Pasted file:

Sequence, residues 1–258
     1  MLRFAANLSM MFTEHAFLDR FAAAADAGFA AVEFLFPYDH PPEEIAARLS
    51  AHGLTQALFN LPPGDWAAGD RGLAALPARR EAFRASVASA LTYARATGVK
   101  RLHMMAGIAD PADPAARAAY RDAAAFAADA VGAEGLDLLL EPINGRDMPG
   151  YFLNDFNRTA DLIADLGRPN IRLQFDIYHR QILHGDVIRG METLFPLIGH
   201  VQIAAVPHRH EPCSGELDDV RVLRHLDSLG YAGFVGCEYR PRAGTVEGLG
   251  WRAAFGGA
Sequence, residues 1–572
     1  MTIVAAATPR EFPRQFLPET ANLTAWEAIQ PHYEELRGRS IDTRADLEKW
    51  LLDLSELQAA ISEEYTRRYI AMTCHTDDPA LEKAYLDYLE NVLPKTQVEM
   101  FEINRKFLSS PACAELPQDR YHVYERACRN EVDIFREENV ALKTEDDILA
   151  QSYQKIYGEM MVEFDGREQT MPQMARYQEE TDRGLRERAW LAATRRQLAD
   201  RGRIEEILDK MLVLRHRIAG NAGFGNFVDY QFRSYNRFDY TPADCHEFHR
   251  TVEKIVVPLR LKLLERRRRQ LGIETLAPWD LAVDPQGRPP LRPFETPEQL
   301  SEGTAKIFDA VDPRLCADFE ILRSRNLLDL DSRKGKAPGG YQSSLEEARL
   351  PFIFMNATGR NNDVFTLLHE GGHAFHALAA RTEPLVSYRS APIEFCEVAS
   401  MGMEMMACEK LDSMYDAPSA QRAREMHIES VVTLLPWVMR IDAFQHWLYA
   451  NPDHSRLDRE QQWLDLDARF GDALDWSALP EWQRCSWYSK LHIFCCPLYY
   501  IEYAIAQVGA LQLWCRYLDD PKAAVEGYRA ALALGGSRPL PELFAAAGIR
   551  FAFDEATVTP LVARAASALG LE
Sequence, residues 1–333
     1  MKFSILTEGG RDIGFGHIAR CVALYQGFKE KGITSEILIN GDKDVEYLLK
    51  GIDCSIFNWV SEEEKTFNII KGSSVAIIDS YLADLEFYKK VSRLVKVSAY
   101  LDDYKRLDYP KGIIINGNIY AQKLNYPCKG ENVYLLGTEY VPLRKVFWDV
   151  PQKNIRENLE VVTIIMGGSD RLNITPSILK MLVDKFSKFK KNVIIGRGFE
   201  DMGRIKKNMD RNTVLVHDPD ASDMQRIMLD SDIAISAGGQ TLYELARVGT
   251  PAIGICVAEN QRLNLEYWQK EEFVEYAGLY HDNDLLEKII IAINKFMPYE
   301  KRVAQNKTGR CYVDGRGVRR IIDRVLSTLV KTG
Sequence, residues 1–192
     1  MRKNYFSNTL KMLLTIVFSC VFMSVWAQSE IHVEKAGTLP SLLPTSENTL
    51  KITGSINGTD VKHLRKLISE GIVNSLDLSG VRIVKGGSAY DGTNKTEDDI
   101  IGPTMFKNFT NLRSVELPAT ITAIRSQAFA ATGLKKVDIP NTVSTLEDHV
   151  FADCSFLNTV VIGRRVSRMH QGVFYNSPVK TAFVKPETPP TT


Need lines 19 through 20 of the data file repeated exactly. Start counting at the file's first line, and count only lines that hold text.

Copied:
   501  IEYAIAQVGA LQLWCRYLDD PKAAVEGYRA ALALGGSRPL PELFAAAGIR
   551  FAFDEATVTP LVARAASALG LE